Knob and Tube Wiring

Knob and tube wiring (sometimes abbreviated K&T) was an early standardized method of electrical wiring in buildings, in common use in North America from about 1880 to the 1930s. It consisted of single insulated copper conductors run within wall or ceiling cavities, passing through joist and stud drill-holes via protective porcelain insulating tubes, and supported along their length on nailed-down porcelain knob insulators. Where conductors entered a wiring device such as a lamp or switch, or were pulled into a wall, they were protected by flexible cloth insulating sleeving called “loom”. The first insulation was asphalt-saturated cotton cloth, then rubber became common. Wire splices in such installations were twisted for good mechanical strength, then soldered and wrapped with rubber insulating tape and friction tape (asphalt saturated cloth), or made inside metal junction boxes.

Historically, wiring installation standards were less stringent in the age of knob-and-tube wiring than today. Compared to modern electrical wiring standards, the main shortcomings of knob-and-tube wiring are: knob-and-tube wiring never included a safety grounding conductor; did not confine switching to the hot conductor (the so-called Carter System places loads across the common terminals of a three-way switch pair); and it permitted the use of in-line splices in walls without a junction box (and thus exposing a potential fire hazard of an uncontained spark caused by arcing following mechanical failure of the splice). Compared to modern thermoplastic wiring insulation, the K&T wiring was less resistant to damage.

Knob and tube wiring can be made with high ampacity. However, most existing residential knob and tube installations, dating to before 1940, lack the capacity that is desired today because of the paucity of circuits. Although these installations were adequate for the electrical loads at the time of installation, modern households use a range and intensity of electrical equipment unforeseen at the time. Home buyers often find that existing K&T systems lack the ampacity needed for today’s levels of power use. As household power use increased following the Second World War (because more appliances were produced, and in use at the same time). First-generation wiring systems became susceptible to abuse by homeowners who would avoid repeatedly blowing fuses by using fuses with too large an amperage there by overfusing the circuits, thus subjecting the wiring to heat damage due to higher levels of current.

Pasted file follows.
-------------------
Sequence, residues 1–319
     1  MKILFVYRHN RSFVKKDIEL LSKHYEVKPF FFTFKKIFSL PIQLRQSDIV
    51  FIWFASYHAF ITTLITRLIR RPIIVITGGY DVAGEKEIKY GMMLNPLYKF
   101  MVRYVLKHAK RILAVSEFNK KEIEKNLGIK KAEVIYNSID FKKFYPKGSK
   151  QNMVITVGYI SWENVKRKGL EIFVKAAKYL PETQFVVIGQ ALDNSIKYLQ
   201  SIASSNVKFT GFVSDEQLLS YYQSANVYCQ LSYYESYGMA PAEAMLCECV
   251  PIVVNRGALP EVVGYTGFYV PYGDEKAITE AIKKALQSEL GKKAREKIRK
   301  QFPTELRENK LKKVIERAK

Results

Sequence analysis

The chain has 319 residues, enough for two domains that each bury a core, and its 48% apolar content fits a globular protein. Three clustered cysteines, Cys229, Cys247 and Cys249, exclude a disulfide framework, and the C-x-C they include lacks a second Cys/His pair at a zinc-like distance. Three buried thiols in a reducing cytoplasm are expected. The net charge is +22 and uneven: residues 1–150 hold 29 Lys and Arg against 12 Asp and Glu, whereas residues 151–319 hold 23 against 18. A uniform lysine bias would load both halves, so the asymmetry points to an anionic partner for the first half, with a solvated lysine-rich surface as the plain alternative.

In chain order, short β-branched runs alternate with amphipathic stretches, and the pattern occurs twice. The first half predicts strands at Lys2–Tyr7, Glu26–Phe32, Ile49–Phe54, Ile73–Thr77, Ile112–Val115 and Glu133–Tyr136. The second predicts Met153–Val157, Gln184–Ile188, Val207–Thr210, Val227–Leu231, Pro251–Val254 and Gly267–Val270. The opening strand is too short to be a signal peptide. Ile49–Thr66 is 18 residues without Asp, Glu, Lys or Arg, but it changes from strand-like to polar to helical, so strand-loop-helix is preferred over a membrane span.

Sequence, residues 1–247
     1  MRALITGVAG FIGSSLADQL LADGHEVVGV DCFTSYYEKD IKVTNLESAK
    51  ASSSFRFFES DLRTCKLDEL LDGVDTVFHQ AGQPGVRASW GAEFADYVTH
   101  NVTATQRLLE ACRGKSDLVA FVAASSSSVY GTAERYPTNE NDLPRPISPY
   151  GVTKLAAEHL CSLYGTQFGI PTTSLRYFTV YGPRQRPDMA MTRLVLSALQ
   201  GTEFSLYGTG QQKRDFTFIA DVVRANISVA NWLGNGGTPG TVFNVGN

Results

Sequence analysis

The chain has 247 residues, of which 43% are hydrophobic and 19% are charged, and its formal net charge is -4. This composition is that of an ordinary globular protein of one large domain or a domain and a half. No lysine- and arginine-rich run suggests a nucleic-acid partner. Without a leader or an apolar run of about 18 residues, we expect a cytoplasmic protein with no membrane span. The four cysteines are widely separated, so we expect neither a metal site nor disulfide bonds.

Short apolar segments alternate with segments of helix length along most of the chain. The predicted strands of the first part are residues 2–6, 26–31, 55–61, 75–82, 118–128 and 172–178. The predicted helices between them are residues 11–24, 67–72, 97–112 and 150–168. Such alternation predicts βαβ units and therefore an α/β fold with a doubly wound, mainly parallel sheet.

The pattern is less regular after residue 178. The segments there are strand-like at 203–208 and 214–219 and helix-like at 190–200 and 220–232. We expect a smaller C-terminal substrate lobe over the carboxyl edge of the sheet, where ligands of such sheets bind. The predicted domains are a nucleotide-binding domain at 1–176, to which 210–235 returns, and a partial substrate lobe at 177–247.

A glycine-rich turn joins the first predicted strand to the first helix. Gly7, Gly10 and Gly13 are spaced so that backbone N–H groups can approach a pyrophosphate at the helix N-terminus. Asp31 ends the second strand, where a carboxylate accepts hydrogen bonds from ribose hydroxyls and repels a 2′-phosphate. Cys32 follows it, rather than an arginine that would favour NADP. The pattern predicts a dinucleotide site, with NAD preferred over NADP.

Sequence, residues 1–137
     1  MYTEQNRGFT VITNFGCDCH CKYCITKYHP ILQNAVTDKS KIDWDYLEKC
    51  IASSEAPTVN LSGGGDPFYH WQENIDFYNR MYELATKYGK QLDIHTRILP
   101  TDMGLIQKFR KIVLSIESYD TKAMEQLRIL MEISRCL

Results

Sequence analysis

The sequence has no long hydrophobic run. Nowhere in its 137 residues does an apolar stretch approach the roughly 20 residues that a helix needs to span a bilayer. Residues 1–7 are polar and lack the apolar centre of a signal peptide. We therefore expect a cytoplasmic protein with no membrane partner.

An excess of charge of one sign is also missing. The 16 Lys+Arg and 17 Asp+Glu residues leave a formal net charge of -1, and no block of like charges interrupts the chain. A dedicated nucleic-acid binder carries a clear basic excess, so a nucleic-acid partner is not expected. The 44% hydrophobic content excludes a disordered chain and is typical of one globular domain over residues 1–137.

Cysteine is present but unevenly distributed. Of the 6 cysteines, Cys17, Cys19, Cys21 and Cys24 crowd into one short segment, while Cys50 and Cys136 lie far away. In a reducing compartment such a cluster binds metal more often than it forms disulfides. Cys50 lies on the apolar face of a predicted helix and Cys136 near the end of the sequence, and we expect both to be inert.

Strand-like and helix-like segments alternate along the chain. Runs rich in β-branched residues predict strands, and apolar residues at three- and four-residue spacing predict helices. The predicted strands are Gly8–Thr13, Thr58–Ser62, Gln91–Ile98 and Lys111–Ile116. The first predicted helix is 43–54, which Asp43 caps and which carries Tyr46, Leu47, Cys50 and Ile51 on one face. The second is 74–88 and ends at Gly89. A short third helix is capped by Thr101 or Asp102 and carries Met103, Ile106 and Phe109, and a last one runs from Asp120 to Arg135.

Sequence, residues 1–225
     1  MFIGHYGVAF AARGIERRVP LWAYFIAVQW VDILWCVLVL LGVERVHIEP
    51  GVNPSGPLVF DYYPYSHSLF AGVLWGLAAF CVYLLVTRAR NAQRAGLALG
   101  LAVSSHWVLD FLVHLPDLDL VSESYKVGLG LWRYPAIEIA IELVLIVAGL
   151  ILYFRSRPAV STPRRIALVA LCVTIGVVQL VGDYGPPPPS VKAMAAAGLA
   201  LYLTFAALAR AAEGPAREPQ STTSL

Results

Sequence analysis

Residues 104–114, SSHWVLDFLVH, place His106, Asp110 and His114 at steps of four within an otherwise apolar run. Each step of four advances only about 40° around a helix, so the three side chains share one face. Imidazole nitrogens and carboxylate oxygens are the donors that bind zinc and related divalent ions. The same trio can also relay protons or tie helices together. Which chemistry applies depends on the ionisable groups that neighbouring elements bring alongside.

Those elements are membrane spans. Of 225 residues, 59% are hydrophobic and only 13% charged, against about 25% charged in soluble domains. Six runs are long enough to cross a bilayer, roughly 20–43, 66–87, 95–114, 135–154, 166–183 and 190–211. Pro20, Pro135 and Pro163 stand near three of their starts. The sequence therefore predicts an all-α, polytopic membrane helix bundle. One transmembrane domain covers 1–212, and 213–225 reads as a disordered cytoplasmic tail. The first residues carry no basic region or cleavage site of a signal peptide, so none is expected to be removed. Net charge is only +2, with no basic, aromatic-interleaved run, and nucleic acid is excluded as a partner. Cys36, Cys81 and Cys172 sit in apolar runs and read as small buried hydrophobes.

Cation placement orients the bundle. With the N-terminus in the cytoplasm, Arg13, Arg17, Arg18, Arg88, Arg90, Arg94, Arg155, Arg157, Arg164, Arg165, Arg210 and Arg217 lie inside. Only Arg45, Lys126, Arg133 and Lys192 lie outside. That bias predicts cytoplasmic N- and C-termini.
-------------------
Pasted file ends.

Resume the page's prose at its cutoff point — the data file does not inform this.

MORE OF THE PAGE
Knob-and-tube wiring may also have been damaged by building renovations. Its cloth and rubber insulation may be dried-out, thus brittle when handled, or it may have been damaged by rodents or carelessness (for example, by hanging objects off wiring running in accessible areas like basements).

Currently the United States NEC forbids use of loose, blown-in, or expanding foam insulation over K&T wiring.[5] This is because K&T is designed to let heat dissipate to the surrounding air. As a result, energy efficiency upgrades that involve insulating previously uninsulated walls usually also require replacement of the wiring in affected homes.

As existing K&T wiring gets ever older, insurance companies may deny coverage due to increased risk. Several companies will not write new homeowners policies at all unless all K&T wiring is replaced or unless an electrician has certified that the wiring is in good condition.

*http://en.wikipedia.org/wiki/Knob_and_tube_wiring

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